Once upon a time, local TV stations were really committed to local programming, and I’m not just referring to local news and weather.
It was a time when locally produced programs defined the station, and the people who produced those programs did it for one reason. They loved television. That was Jack Markham in a nutshell.
Following a stint in the NAVY, Jack attended UNC-Chapel Hill and was in the first graduating class of the University’s famed School of Radio and Television Arts. After that he spent the better part of three decades at WFMY-TV, first working in production, and later as Program Director. During that time he either directed or oversaw the production of scores of local programs, including The Good Morning Show, What’s Cooking Today, RFD Piedmont, TV Matinee, A&T Sports Report, The Old Rebel Show, Newsmakers, Sandra and Friends, and many others. And it was Jack who authorized and coordinated a multi-station telethon to raise money for what became the North Carolina Zoo. Jack helped to put WFMY on the map, and made it one of the most successful and respected TV stations in the country. He also happened to be the best boss I ever worked for. Jack passed away last September during the pandemic, and his memorial service will be held this Saturday. Jack Markham was 93.
After learning my craft at the UNC-G studio where we produced weekly programs for UNC-TV, I was hired by WFMY to run the camera and perform other related production duties on just about every one of our local programs. Eventually, I worked my way up to late-night weatherman and promotion manager, but in those early days Jack’s door was always open to the crew, so whenever I had an idea for a special program, he would tell me to go for it. During the bicentennial, for example, he let me produce “So you Think you Know the Constitution”, which challenged viewers to answer questions about our nation’s greatest document. I also produced an Old Rebel tribute program, a salute to Vincent Price, and a prime-time half-hour special with Red Skelton, which was taped at the WFMY studio in front of a live audience (can be viewed on www.jimlongworth.com). One year, Jack even sent me to Hollywood to tape a series of interviews with CBS stars.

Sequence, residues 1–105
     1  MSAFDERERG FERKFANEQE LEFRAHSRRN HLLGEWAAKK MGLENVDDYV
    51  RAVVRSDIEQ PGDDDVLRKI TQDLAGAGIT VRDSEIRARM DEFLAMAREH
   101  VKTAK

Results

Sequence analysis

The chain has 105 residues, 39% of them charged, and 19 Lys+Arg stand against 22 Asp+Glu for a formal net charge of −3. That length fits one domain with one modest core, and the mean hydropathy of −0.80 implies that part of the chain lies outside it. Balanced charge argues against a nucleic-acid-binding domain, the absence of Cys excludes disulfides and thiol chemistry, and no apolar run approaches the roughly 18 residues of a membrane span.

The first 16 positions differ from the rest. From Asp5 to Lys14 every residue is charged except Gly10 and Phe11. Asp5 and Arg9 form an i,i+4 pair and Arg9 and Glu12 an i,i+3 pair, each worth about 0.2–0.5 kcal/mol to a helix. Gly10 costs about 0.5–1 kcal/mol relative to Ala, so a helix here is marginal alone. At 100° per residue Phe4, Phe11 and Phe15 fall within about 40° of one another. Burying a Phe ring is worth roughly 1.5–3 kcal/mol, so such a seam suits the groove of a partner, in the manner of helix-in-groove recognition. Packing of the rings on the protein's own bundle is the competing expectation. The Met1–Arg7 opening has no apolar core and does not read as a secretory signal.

In addition to being program director, Jack was also an actor, and a real ham, so I occasionally recruited him to appear in my farcical Newsreel 2 segments, which aired during the 11 p.m. Nightbeat news. One evening I was assigned to attend a cocktail party to interview celebrities who would be playing in the Pro-Am at the Greater Greensboro Open (forerunner to the Wyndham). But prior to that, Jack and I had traveled to a muddy field in Guilford County and taped an interview at what we said was the site of the Newsreel 2 Open, a fictional golf tournament that was to compete with the GGO. During that spoof segment, Jack portrayed a developer named Mark Jack, who guaranteed that the course would be ready for play that weekend. Fast forward to the cocktail party where I asked the celebrities if they would be willing to skip the GGO and instead play in the NewsReel 2 Open. Some of the celebs thought Jack and I were serious, but most of them got the joke.
Then there was that afternoon in 1977 when I came to Jack and said, “You know, Saturday Night Live is really popular, and CBS doesn’t offer much on Saturday nights, so how about letting me produce a weekly variety show?” Jack gave me the green light, and several weeks later I delivered an hour pilot titled, “Grab Bag”, which featured celebrity interviews, a magician, music by Sammy Anflick’s Jazz Band, and a fake telethon in which we pretended to raise money to fight dandruff, psoriasis, and venereal disease. Jack looked at the show, laughed a lot, then killed it. It was, he said, just too racy for WFMY. I was disappointed, of course, but Jack’s decision taught me about boundaries and made me a better producer in the decades to come. In fact, this is my 51st year in broadcasting, and not a week goes by that I don’t think about Jack Markham and how much he meant to me. In addition to all he did for his industry and his community, you just have to love a guy who can make up a fake golf tournament.